The polysiloxanes α,ω terminally bonded through a divalent hydrocarbon group to an activated unsaturated group, i.e., the monomers herein, are generally clear, colorless liquids whose viscosity depends on the value of m or n. These monomers can be readily cured to cast shapes by conventional methods such as free radical initiators. Illustrative of free radical initiators which can be employed are bis(isopropyl) peroxydicarbonate, azobisisobutyronitrile, acetyl peroxide, lauroyl peroxide, decanoyl peroxide, benzoyl peroxide, benzoin methyl ether, diethoxyacetophenone, tertiarybutyl peroxypivalate and the like.
When the term monomer is used, it is meant to include polysiloxanes endcappd with polymerizable unsaturated groups. The process of lengthening the siloxane portion of the monomer is referred to herein as siloxane ring insertion. The chain length of the polysiloxane center unit of the monomers may be as high as 100.
The term polymerization is used to refer to the polymerization of the polysiloxanes endcapped with polymerizable activated unsaturated groups which results in a crosslinked three-dimensional polymeric network.
"A polysiloxane terminally bonded through a divalent hydrocarbon group to an activated, unsaturated group" means the described polysiloxane compound has been attached to a divalent hydrocarbon group, such as methylene or propylene, and then at the end of this group is attached an activated, unsaturated group and this then is the most preferred siloxane monomer. Then when these monomers are polymerized (free radical polymerization) with other activated unsaturated monomers, three-dimensional polymer networks are obtained. This polymerized material is what the biomedical devices, including contact lenses, are made.
The advantages of using the contact lenses, i.e., polymers of the instant invention which are made from the monomers disclosed herein are numerous. For example, (1) the advantages of using activated vinyl terminal groups to cure the siloxane material are (a) the high reactivity systems permit rapid cure at or near room temperature if suitable initiators are used, (b) no fillers are needed to get useful physical strength as is common with most silicone resins in contact lenses. This is desirable since the use of fillers requires that other possibly undesirable materials be added to the composition in order to match the refractive index of the polymer to the filler.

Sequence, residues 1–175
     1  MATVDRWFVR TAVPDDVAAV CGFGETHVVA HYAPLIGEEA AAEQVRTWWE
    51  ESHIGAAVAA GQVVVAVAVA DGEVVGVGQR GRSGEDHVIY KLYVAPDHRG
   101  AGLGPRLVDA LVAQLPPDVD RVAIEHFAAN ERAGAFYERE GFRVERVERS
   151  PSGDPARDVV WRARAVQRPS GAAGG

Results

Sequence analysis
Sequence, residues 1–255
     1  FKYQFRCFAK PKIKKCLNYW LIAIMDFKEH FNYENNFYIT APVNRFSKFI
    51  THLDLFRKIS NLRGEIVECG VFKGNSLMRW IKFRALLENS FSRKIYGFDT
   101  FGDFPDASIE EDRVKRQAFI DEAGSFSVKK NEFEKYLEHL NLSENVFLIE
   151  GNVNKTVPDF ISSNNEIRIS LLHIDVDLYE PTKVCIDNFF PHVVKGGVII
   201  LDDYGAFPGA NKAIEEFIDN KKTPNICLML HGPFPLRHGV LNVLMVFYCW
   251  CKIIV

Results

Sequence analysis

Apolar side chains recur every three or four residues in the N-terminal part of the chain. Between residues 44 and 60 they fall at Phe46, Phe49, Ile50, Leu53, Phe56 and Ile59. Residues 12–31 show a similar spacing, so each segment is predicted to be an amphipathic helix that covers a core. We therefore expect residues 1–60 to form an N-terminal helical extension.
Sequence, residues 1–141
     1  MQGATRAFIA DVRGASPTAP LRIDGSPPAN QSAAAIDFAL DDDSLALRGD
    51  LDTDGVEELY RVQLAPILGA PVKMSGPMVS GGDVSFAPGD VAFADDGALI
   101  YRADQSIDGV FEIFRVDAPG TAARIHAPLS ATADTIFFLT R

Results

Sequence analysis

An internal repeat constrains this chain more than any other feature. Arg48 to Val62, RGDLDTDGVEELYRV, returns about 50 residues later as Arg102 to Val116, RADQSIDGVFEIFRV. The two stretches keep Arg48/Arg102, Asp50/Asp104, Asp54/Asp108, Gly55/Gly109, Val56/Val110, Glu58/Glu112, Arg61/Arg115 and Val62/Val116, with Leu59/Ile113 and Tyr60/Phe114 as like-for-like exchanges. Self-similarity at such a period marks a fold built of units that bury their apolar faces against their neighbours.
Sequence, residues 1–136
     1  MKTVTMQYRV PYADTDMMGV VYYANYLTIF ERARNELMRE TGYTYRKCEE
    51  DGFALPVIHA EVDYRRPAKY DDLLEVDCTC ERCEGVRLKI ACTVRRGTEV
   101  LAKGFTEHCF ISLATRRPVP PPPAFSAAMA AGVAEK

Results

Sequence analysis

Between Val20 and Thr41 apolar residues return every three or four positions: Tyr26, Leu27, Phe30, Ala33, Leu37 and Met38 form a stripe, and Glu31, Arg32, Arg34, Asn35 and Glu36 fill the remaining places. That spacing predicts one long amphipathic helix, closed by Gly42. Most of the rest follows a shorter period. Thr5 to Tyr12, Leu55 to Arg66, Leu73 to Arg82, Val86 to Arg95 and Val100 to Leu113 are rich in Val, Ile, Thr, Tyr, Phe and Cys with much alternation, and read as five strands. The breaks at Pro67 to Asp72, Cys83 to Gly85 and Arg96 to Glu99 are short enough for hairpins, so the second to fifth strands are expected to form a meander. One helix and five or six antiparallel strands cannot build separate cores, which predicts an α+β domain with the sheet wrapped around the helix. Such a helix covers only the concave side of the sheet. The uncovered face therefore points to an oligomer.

Secondly, the contact lenses made from the polymer of the instant invention are oyxgen permeable. A critical oxygen tension and flux under a lens should be about 10 mmHg and 2 ml/(cm2 hr.) respectively below which corneal swelling occurs, Polse and Decker, Investigative Ophthalmology and Visual Science, vol. 18, p 188, 1979. In order to meet these requirements the lens material must have adequate oxygen permeability. When m in formula I and n in II above are at least about 4, the chain of siloxane is long enough in the instant composition to exceed the oxygen requirements of the cornea. However, in specific situations m and n may be as low as 0.
Additionally, these lenses are hydrolytically stable meaning that when the contact lenses are placed into an aqueous solution, e.g., on the eye, or during the disinfecting step, i.e., water plus heat, the lenses will not change in chemical composition, i.e., hydrolyze.
The most preferred contact lens of the instant invention is a fillerless, oxygen permeable, hydrolytically stable, biologically inert, transparent, hard, polymeric contact lens comprising a poly(organosiloxane) terminally bonded through a divalent hydrocarbon group to a polymerized activated, unsaturated group. These most preferred contact lenses have an oxygen permeability of at least 10×10-11 cm3 cm/(sec.cm2 mmHg), are hydrolytically stable, biologically inert and transparent.
The polymers of this invention can be formed into contact lenses by the spincasting process as disclosed in U.S. Pat. Nos. 3,408,429 and 3,496,254 and other conventional methods such as compression molding as disclosed in U.S. Pat. Nos. 4,085,459 and 4,197,266.
The polymers can be used to modify collagen to make blood vessels, urinary bladders and other such devices as disclosed in Kliment, U.S. Pat. No. 3,563,925. The instant polymers can be used to make catheters as disclosed in Shephard U.S. Pat. No. 3,566,874. The polymers can also be used as semipermeable sheets for dialysis, artificial dentures and all of such disclosures as set forth in Stoy, U.S. Pat. No. 3,607,848. Additionally, the polymers can be used in making breathable leather and other materials as disclosed in Shephard, U.S. Pat. No. 3,660,218. The instant polymers can be used in ophthalmic prostheses and all other uses disclosed in Wichterle, U.S. Pat. No. 3,679,504. The foregoing polymers can be used in making printing plates and for other similar type uses as disclosed in Takaishi, U.S. Pat. No. 3,733,200.